In his letter to Harold Innis from early in 1951 (if not at the end of 19501), McLuhan observed that modern art, social science and commerce all echoed an ancient complex (recalling his 1946 essay ‘An Ancient Quarrel in Modern America’2):

Many of the ancient language theories of the Logos type which you cite [in Empire and Communicationsfor their bearings on government and society have recurred and amalgamated themselves today under the auspices of anthropology and social psychology. Working concepts of “collective consciousness” in advertising agencies have in turn given salience and practical effectiveness to these “magical” notions of language. (…) Mallarmé (…) saw at once that the modern press was not a rational form but a magical one so far as communication was concerned. Its very technological form was bound to be efficacious far beyond any informative purpose.

By “informative purpose” here McLuhan meant what he would later call “the message” and “its very technological form” was “the medium”.  So he was clear already in late 1950 or early 1951 that “the medium is the message”.3 That is, something else and something more is going on in communication than information exchange. This something else and something more is, in the first place, the trans-formative effect of communication on its users to produce by a kind of backwards flip the social understanding that is required to be already in place in order to begin to issue or to receive a message as a message. Required, that is, for communication to be initiated at all.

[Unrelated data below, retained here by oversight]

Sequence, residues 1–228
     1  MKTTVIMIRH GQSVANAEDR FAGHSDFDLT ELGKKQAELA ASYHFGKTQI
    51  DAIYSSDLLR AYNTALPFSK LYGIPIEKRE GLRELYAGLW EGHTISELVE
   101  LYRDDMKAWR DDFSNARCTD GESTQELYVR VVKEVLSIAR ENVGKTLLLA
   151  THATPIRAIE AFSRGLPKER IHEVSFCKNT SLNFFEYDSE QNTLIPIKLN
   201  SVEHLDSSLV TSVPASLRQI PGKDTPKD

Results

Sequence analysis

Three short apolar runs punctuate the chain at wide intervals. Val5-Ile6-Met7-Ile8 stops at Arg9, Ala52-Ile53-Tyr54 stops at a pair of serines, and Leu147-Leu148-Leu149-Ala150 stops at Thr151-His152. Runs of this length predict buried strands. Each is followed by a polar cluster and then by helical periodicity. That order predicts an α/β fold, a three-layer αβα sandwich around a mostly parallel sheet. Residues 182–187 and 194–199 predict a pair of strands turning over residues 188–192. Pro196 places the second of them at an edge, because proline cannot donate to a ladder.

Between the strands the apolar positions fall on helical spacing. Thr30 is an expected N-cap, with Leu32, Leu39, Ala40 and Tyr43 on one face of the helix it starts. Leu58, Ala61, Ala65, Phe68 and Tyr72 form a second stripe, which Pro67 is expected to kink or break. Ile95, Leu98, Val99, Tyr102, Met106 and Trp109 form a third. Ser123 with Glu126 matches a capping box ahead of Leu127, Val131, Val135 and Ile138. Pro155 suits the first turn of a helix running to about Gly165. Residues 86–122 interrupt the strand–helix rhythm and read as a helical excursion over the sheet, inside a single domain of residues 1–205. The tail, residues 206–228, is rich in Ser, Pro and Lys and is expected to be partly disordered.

It is this trans-formative power of a medium to effect integration into the social environment required by it that McLuhan called “magical”. A sort of backwards somersault is effected so that the capacity that must already be in place in order to have the capability to send or receive a message has somehow suddenly been activated beforehand

Following Aristotle and Thomas Aquinas, McLuhan saw that a sudden knot in time was the key structural feature of such “magic”:

We have to repeat what we were about to say (‘The Be-Spoke Tailor’, Explorations 8, 1957, #4)